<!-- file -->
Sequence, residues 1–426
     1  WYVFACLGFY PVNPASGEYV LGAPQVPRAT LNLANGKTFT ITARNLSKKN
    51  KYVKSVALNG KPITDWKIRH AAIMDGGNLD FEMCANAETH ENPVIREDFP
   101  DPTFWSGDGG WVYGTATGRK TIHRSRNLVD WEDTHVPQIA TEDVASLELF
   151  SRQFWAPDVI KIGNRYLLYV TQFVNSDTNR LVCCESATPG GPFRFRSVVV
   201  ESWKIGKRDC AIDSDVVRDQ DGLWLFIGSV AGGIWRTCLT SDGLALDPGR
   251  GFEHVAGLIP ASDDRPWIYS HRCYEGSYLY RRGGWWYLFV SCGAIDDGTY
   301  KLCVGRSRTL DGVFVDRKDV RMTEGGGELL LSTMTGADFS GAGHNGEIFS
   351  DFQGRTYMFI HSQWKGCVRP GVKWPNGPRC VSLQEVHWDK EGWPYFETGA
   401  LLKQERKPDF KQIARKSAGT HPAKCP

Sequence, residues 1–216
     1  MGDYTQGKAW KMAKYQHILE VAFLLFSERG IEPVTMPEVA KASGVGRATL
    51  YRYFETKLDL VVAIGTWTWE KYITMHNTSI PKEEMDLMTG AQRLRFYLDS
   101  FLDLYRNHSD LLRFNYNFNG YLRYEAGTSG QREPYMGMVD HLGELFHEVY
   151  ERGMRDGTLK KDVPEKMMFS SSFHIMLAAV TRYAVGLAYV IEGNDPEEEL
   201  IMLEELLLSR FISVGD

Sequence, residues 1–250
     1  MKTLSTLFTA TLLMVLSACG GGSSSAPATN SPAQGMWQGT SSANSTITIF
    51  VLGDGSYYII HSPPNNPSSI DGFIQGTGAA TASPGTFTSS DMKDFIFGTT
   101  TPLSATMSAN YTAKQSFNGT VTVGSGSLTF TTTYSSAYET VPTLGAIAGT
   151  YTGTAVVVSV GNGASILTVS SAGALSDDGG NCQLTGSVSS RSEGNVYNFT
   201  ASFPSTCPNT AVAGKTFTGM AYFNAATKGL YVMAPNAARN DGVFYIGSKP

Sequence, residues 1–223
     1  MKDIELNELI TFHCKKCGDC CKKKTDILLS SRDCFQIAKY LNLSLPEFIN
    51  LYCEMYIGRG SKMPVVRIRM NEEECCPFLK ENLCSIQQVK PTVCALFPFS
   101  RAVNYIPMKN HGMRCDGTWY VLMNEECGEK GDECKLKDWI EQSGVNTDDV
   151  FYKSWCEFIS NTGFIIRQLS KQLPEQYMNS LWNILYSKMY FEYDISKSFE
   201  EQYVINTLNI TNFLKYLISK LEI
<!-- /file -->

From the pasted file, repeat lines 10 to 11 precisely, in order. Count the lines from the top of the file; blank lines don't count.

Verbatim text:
   401  LLKQERKPDF KQIARKSAGT HPAKCP

Sequence, residues 1–216